Those who knew Todd Beamer as a boy and young man in Wheaton, Illinois, did not foresee how he would become a national hero on September 11. But his teachers, friends, and coaches say the easygoing Beamer had a competitive streak and strong faith that prepared him to act decisively in an emergency.

Beamer, 32, was one of several passengers who interfered with hijackers on United Flight 93, causing the Boeing 757 to crash into a Pennsylvania field instead of into a presumed target 20 minutes away in Washington, D.C. His last known words, "Let's roll," have become a rallying cry for many in the wake of the terrorist attacks.

Until he died, Beamer was a resident of Cranbury, New Jersey. A sales account manager for Oracle Corporation, Beamer was traveling on business. Beamer was born in Flint, Michigan, and attended grammar school, most of high school, and college in Wheaton, a prosperous suburb of Chicago.

David Kohlmeyer, a friend and teammate through grammar school and high school, said he was glad Beamer was on his team. Beamer always seemed to come out on top in their friendly one-on-one competitions.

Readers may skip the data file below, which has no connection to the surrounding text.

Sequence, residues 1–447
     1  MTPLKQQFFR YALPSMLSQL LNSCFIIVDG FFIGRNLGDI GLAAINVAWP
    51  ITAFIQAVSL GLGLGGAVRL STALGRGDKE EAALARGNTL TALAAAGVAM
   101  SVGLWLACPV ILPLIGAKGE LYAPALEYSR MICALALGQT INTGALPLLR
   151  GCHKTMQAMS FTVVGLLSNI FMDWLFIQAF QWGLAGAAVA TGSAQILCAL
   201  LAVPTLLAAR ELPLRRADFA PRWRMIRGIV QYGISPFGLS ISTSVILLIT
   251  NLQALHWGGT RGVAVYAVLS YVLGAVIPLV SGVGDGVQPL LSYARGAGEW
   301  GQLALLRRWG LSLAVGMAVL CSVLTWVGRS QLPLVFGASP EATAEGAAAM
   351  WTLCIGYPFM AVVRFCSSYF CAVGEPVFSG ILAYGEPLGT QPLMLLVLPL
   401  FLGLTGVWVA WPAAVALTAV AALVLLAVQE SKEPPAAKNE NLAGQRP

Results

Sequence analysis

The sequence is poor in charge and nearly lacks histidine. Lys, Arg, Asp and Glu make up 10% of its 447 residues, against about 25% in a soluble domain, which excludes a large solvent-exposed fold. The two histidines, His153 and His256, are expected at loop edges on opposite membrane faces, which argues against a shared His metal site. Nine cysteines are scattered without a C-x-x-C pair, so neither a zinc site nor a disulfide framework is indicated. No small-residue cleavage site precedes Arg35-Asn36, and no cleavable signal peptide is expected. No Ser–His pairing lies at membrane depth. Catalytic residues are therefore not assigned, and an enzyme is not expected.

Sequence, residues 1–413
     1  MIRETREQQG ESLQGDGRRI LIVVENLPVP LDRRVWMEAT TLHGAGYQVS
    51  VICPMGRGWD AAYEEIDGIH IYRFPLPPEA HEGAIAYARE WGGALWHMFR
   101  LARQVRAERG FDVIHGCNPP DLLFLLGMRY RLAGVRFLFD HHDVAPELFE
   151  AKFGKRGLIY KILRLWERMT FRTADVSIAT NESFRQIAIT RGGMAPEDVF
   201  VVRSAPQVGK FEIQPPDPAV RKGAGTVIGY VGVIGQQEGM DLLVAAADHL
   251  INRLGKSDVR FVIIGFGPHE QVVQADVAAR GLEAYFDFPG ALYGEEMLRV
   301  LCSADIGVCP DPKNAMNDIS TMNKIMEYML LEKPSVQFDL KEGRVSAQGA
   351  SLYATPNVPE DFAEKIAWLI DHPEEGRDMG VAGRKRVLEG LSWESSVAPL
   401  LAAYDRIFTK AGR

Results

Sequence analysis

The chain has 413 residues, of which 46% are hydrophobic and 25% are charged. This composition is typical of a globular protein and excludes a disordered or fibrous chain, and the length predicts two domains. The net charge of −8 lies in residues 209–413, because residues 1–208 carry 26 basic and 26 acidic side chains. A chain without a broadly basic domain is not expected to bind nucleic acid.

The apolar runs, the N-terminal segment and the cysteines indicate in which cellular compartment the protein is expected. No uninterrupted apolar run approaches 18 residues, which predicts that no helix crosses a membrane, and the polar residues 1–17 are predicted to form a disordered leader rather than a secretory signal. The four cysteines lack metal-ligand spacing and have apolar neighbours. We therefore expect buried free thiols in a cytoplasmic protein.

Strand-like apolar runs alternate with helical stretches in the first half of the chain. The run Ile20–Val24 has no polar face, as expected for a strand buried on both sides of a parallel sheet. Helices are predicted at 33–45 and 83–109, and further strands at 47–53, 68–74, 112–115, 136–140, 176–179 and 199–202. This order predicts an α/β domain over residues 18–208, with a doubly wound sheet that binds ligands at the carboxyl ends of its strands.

"He was just tough to beat," Kohlmeyer said, chuckling. "We were close in skill, but whenever we played, he just seemed to have my number."

Although Beamer was ruthless on the court or field, friends say he was friendly and relaxed when the game was over.

Steve Clum, who taught Beamer in fifth grade at Wheaton Christian Grammar School, remembered Beamer as a "quiet young man with inner strength." Clum said Beamer defended classmates who were teased.

T.J. Bean, who played pickup games with Beamer at Wheaton College, noted the same combination of resolve and gentleness.

"He was intense when he competed, but as soon as he was out of ...

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